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Criminals For Hire

We all know or at least have heard about the problems that plague the “inner city negro”. From sunrise to sunset, news seekers get on-site correspondence across various media about the plight of poor folks. Those unprivileged, unfortunate bastards who live on or beneath the margins and the pits they attempt to exist in, including drugs, crime, poverty, and consistent lacking in education and resources.

All we seem to generate are problems and complications in constant barrages; where they start, how they occur, and how they fester. Normally after that dose of media medicine, you’ll hear about the affect it has on whichever community is presented and then the country overall. This cyclical process occurs from 5 a.m. with the first news cast of the day, pauses after 11 p.m., only to restart the very next morning. The shits a bottomless crater and an endless operation and far too often we aren’t given viable, sustainable resolutions on how to improve our societal ills.

In Norfolk ,California, the Office of Neighborhood Safety, has been providing one particular solution for gun violence since 2009: pay people to not kill other people. Dig this, the shit’s been working brilliantly.

Naturally, opposition and critics deem this as rewarding criminals for NOT being criminals but the circumstances and results are not so black and white.

Let me provide a bit of context.

Devone Boggan, Program Director of the ONS was hired by the city of Norfolk in 2007 after gun violence had reached a seemingly insurmountable level.  Shit was so out of control in this metro of only 100,000 that the National Guard was considered as an option to cool shootings and murders that occurred verging on a daily basis.

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It wasn’t until a meeting with city officials and law enforcement where Boggan learned that 70% of the 45 homicides by gun violence and hundreds of firearm assaults were committed by a mere handful of people. 17 to be exact.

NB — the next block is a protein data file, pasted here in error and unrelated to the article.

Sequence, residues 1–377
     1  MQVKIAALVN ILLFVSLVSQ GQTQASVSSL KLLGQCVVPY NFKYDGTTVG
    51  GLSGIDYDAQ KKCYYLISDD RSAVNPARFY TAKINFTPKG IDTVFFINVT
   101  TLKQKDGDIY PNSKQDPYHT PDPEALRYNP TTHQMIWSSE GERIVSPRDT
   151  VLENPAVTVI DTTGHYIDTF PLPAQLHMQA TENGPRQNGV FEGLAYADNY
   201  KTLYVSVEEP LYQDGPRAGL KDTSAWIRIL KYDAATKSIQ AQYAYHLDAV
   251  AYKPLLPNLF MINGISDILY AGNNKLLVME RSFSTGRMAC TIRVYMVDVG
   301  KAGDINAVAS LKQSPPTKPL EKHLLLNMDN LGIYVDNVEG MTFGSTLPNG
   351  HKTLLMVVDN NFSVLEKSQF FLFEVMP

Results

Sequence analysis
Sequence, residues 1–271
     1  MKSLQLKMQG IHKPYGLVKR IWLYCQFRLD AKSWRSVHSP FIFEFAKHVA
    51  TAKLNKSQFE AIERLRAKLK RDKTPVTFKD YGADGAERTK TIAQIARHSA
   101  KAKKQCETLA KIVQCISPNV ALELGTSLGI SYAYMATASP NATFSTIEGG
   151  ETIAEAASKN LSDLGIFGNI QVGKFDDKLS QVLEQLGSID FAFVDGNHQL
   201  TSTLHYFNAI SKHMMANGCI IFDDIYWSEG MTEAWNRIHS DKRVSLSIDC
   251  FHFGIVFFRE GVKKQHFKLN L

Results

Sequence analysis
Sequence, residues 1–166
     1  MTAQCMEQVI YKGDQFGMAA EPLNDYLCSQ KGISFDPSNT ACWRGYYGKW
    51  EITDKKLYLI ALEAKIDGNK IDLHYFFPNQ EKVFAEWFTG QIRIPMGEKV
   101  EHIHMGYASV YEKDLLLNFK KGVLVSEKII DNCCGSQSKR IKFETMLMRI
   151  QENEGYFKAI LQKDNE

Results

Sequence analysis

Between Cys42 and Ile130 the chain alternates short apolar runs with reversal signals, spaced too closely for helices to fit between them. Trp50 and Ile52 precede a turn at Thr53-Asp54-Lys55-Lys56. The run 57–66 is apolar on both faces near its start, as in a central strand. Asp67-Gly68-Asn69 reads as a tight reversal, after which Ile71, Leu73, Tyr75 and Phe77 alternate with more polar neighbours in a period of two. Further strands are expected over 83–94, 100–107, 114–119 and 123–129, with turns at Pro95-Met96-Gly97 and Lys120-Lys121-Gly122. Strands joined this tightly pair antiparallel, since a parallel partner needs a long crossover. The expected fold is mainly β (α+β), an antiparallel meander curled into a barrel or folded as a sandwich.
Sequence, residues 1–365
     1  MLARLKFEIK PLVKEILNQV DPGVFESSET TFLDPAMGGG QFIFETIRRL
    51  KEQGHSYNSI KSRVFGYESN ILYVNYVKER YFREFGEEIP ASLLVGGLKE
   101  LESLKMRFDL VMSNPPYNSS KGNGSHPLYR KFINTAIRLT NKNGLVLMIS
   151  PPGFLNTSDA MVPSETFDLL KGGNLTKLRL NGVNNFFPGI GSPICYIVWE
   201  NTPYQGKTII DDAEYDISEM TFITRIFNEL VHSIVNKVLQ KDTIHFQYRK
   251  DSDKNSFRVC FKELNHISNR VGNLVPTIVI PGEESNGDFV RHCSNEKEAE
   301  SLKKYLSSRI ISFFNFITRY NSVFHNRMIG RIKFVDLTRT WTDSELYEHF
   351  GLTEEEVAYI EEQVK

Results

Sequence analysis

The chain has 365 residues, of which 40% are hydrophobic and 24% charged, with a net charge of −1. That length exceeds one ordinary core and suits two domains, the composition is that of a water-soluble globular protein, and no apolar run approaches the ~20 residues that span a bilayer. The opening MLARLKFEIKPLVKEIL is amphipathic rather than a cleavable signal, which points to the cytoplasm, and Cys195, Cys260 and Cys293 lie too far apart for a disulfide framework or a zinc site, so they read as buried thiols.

Boggan thought to himself:

“Almost every day someone was being shot …I mean it was literally popping. It was on fire, no question about that…. if we can wrap our arms around that and just engage the 17 people in a different way, that could have a significant impact on the narrative of what’s really going on in the city of Richmond.”

Although he didn’t know exactly how yet, he had what many of us don’t; a possible solution.

He began implementing his plan in the streets of Norfolk, where the problems of the community manifest. His idea was to establish a mentorship program that reaches out to those most likely to commit gun violence. After some initial refusals, he was able to enlist the service of 20 troubled young men to his crusade and with the help from private donors, Operation Peacemaker was created.

Boggan began to study and embrace other programs executed in other cities across the U.S that showed positive outcomes, in particular one established by David Kennedy, a professor at the John Jay College of Criminal Justice in New York.

Kennedy’s framework consists of targeting individuals who are considered the most violent by law enforcement and brings them in for “Call Ins”, which are composed of group conversations and personal sessions. Mostly those invited are parolees who MUST attend or face warnings and eventually stiff consequences.

Boggan noticed that great deal of resentment can build when prison is used as a threat on a parolee’s freedom, which certainly affects morale and general positivity. Thus, he decided to make slight changes in the paradigm. His idea was to take the hierarchy of law enforcement out of the equation completely and only focus on those who are on a direct collision course with correctional facilities. He then narrowed in on teens and young adults who’ve been known to engage in gun violence and in his words,”shower these youth with positivity, not threats of prison”.